Retirement Benefits in Decline

Employers are eliminating their most valuable retirement benefits.

By SHARE

Traditional pension plans have been in decline for decades, and even 401(k) matches continue to be less prevalent than they were five years ago. Retirement benefits that are growing in popularity largely have little cost to employers, including automatic enrollment in 401(k) plans and a Roth 401(k) option, according to a recent survey of 550 human resources professionals who are members of the Society for Human Resource Management. Here’s a look at how retirement benefits have changed over the past five years:

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Continued growth of 401(k)s. Nearly all of the employers surveyed (92 percent) offered a 401(k) plan or similar type of retirement account to workers in 2012, up from 84 percent in 2008, SHRM found.

401(k) matches decline. Fewer employers now provide a 401(k) match than in 2008. The proportion of employers that contribute to worker retirement accounts declined significantly from 75 percent in 2008 to 68 percent in 2012, SHRM found. And only 2 percent of employers plan to institute a 401(k) match in the next 12 months.

More automated features. Automatically enrolling new and sometimes existing employees in a retirement account unless they take action to opt out is an increasingly popular way companies are nudging workers to save for retirement. Some 39 percent of companies automatically enrolled workers in a 401(k) in 2012, up from 32 percent in 2008. Another 2 percent of employers are planning to add this feature in the coming year. About 19 percent of companies also automatically escalate the proportion of employee paychecks that is deposited in 401(k) accounts.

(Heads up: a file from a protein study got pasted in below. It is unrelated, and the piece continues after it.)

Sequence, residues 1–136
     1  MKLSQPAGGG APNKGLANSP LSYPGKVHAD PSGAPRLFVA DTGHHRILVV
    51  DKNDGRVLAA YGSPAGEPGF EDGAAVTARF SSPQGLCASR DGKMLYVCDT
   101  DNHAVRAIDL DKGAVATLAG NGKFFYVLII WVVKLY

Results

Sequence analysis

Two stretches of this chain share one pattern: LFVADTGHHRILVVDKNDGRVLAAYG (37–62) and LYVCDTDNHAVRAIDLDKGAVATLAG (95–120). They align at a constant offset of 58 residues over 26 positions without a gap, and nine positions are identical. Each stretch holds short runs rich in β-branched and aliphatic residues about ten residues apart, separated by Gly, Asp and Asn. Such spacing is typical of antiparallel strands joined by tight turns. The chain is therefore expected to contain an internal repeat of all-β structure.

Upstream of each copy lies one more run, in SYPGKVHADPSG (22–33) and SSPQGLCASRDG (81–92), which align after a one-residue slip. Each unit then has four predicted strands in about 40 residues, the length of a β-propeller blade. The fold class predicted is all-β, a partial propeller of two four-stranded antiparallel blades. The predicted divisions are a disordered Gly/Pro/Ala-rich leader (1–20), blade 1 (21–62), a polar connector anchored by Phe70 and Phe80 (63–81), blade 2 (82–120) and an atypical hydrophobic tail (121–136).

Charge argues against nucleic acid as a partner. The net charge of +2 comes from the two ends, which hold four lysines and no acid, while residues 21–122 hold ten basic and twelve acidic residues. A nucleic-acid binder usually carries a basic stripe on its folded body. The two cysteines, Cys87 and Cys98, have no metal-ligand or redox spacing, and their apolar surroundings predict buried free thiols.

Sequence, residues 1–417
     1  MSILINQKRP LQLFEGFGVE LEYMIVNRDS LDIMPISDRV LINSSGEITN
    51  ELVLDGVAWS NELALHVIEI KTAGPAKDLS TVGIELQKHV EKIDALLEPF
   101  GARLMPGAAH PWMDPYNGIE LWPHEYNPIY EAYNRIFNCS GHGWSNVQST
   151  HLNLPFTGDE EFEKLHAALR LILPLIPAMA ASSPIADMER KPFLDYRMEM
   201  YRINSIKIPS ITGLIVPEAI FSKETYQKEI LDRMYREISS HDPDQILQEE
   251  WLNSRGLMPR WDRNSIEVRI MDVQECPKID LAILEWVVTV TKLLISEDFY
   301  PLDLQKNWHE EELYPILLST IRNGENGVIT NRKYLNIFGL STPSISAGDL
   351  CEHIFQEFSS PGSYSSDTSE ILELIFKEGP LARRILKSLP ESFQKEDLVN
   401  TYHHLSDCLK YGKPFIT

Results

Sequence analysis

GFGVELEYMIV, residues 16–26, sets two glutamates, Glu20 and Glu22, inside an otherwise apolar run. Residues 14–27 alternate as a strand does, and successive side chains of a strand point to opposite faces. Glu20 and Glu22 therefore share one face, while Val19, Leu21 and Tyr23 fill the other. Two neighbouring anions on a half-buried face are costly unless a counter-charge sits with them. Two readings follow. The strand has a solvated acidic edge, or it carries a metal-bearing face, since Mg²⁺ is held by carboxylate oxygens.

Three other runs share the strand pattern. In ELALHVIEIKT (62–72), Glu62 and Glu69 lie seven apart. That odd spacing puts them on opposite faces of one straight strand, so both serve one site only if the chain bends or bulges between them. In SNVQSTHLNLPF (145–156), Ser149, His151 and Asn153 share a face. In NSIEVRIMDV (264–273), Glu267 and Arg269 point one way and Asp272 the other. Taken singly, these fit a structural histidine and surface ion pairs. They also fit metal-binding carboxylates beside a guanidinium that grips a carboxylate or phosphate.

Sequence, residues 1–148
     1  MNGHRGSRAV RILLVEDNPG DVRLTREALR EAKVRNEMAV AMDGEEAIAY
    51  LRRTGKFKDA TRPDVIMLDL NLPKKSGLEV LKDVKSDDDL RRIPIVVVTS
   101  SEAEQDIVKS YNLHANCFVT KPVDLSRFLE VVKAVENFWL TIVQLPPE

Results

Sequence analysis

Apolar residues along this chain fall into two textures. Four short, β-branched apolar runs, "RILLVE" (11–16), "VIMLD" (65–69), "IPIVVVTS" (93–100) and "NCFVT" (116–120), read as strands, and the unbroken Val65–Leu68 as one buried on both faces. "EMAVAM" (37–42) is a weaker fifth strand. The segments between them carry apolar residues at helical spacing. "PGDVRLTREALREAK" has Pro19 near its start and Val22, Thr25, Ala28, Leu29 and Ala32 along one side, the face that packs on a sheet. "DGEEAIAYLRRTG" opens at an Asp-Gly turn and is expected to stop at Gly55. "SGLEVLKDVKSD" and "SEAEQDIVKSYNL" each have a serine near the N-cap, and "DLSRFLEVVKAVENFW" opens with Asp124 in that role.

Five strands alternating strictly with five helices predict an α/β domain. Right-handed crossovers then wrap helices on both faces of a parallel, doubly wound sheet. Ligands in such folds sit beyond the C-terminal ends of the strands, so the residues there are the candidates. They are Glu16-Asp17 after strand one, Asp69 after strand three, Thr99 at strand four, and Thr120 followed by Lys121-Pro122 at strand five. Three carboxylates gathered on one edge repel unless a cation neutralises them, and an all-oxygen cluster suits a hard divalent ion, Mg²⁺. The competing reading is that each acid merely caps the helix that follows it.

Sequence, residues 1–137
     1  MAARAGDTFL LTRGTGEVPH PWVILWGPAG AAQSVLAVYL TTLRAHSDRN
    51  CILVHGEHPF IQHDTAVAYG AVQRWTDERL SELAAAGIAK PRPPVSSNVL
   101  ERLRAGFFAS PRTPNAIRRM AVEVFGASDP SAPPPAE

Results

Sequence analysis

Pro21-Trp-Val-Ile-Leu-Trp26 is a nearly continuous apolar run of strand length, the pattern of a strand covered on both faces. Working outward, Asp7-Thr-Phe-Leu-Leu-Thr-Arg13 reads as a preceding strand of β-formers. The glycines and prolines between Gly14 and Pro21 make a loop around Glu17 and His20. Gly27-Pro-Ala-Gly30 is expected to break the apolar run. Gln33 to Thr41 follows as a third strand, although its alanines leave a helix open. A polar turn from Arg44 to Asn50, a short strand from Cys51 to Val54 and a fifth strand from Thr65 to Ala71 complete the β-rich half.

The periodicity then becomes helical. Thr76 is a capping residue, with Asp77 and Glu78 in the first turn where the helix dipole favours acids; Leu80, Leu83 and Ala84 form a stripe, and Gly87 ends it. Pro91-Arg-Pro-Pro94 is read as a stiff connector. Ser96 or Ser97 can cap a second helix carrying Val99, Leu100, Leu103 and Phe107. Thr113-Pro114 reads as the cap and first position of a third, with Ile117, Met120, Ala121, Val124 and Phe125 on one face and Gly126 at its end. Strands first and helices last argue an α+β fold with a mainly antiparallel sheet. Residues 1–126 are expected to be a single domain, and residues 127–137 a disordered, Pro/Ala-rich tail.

Improved access to the Roth 401(k). A Roth 401(k) option has been increasing in popularity, from 21 percent of employers offering it in 2008 to 34 percent in 2012. Some companies (19 percent) also allow funds in a traditional 401(k) account to be converted to a Roth 401(k).

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Loans continue to be allowed. Most employers (66 percent) permit workers to take loans from their 401(k) plan in 2012, which is statistically similar to the 69 percent that offered 401(k) loans in 2008. And 2 percent of employers even offer a 401(k) plan debit card.

Free advice. Many 401(k) plans offer workers online investment advice (55 percent), one-on-one individual investment advice (44 percent), group investment advice (41 percent), and retirement preparation advice (39 percent).

Frozen pension plans. Traditional pension plans have continued their decline in recent years. Only 21 percent of the companies surveyed continued to offer a traditional pension plan in 2012, compared to 33 percent of companies in 2008. And 12 percent of employers indicated that their pension plans were frozen, making them unavailable to newly hired employees. Another 6 percent of employers offer cash balance pension plans and 7 percent provided a supplemental executive retirement plan.

Loss of retiree health care coverage. Many employers have eliminated their retiree health insurance programs in recent years. The proportion of employers offering retiree health care coverage to employees has declined from almost a third (32 percent) in 2008 to under a quarter (24 percent) in 2012.

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Phased retirement. A few employers offer formal (5 percent) or informal (5 percent) phased retirement programs that allow workers to gradually cut back their hours or responsibilities instead of abruptly retiring.